A version of this story was first published by ACI Prensa, CNA's Spanish-language news partner. It has been translated and adapted by CNA.

     

  6. Washington D.C., Oct 22, 2019 / 11:53 am (CNA).- A professional baseball clubhouse might not be considered a particularly religious place today, but one chaplain says the Catholic priesthood is needed—and desired—as much as ever there.

    “When I walk in the [clubhouse], they kind of light up a little bit,” Monsignor Stephen Rossetti, a chaplain to the Washington Nationals professional baseball team, told CNA. “It’s not me,” he clarified, “it’s that they see a Catholic priest.”

    “I think that the priesthood continues to be a sign that God is with us,” he said. “You see ‘okay, despite how secular this world is, there is a need in all of us to have God as part of our lives’.”

    Monsignor Rossetti, who is also a research associate professor at The Catholic University of America’s School of Theology and Religious Studies and former president of the St. Luke Institute in Silver Spring, Maryland, said he has been a chaplain to the Washington Nationals for 10 years.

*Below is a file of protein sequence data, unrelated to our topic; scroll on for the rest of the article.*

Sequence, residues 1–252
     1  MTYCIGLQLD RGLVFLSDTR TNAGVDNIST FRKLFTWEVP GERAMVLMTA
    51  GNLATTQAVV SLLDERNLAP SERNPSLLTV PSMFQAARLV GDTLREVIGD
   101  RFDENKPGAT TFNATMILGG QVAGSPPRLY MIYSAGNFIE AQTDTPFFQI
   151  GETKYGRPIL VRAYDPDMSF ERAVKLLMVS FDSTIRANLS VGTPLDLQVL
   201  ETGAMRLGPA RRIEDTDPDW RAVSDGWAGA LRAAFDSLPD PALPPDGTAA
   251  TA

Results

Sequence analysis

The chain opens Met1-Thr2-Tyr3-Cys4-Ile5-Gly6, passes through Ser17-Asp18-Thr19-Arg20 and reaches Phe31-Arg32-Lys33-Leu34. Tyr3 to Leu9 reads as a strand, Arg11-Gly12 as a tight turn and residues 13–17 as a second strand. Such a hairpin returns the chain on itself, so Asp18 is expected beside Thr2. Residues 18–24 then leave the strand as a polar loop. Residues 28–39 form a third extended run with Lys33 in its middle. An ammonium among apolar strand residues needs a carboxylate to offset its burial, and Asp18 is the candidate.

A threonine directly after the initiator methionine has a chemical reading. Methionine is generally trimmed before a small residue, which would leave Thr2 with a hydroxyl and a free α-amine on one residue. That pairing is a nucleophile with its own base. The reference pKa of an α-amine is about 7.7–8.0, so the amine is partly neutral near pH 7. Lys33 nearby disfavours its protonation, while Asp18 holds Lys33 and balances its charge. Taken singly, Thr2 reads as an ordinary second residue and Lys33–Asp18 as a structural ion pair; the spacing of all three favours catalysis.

In that decade, Rossetti has observed the organization from the inside during its low point of floundering last-place finishes in 2009 and 2010, its ascendancy to one of the winningest clubs in Major League Baseball from 2012 through 2019, four disheartening first-round playoff exits, and now the pinnacle of success.

    On Tuesday night, the Nationals will be introduced to the “Fall Classic” as they are set to play in their first World Series game since the organization moved to Washington, D.C. from Montreal in 2005. They will be facing off against the Houston Astros.